Some months ago, as we were in that golden moment before going to sleep, my eight year old daughter said she had figured out something that she thought I should know. "You and Mom are Santa Claus and the Tooth Fairy. I just figured it out by myself. I hope you and Mom aren't disappointed." I talked to my wife after the kids were in bed and she told me she'd gotten the same news earlier in the evening.
We have talked about beliefs and God around the dinner table, and my wife and I have shared our thoughts on religion (in general) and have told our daughter that everyone has to choose for themselves what they believe.
When my daughter shared her insight about these other make-believe beings, my impulse was to ask her if it made her think about her belief -or disbelief- in God. I didn't. But I was reminded of the short story by the Spanish theologian and philosopher Miguel de Unamuno. In San Manuel Bueno, Martir he tells the story of a village priest who, in the end, does not believe in heaven, hell or even God. San Manuel keeps this secret from all the church faithful -the entire village- so as to allow them hope, solace and comfort. "Why take away these?", he asks.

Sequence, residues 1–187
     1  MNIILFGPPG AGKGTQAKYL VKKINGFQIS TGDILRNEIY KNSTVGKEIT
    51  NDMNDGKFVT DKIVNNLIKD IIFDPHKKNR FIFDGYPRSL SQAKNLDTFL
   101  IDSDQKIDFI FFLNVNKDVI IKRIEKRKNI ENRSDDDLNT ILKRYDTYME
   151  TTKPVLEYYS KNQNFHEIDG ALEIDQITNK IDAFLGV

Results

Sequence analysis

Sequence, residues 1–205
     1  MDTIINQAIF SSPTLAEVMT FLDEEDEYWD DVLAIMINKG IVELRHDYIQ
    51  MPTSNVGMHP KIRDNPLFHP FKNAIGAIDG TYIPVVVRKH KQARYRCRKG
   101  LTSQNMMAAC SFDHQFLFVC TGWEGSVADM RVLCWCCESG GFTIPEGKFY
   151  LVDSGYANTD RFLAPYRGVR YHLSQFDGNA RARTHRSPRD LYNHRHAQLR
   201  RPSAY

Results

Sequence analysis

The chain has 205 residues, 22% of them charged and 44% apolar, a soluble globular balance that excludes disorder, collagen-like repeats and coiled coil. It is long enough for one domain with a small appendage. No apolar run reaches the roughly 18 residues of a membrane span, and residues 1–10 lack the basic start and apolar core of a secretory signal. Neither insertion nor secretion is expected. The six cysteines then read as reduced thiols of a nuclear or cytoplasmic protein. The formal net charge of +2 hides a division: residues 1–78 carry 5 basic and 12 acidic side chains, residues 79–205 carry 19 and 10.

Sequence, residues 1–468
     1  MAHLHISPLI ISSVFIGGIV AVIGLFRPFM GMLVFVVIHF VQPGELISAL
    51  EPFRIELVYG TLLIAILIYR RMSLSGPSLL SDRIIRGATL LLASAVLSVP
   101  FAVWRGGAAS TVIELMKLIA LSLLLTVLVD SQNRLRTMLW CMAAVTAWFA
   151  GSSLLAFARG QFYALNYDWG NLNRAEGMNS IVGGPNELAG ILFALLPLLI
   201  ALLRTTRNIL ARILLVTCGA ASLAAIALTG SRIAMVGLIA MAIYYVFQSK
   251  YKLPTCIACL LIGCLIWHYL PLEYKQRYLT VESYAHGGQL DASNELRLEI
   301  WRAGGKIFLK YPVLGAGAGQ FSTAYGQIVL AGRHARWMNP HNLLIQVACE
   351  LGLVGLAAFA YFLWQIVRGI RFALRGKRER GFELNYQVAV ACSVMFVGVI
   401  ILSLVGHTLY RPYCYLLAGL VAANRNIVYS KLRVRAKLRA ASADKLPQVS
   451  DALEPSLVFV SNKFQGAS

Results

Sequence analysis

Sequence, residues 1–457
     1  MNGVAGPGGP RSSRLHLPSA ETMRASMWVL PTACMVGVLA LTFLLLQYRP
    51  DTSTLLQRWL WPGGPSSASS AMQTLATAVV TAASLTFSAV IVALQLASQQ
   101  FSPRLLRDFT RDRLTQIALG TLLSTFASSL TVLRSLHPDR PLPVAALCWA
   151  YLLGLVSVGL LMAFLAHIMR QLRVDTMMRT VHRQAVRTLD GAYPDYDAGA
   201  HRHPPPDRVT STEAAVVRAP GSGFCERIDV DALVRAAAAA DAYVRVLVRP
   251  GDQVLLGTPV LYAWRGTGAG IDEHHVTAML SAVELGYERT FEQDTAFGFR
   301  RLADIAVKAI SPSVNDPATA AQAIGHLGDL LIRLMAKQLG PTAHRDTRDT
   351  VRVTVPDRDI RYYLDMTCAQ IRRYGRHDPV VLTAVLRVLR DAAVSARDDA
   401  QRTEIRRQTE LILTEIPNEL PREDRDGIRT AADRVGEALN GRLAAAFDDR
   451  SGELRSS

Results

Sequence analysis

I am not sure my impulse reacting to my daughter was correct. Indeed, the classic definition of alienation is when humans are separated from the product of their own labor, that is to say, it is made apart, alien from them. To be told that the world is the creation of some bearded guy in the sky rents the material world away from each of us; it is the ultimate alienating act to believe in God.
But I digress, perhaps. My daughter will, I am sure, choose what to believe about god in due time, and I am OK with not interfering too directly in this important journey.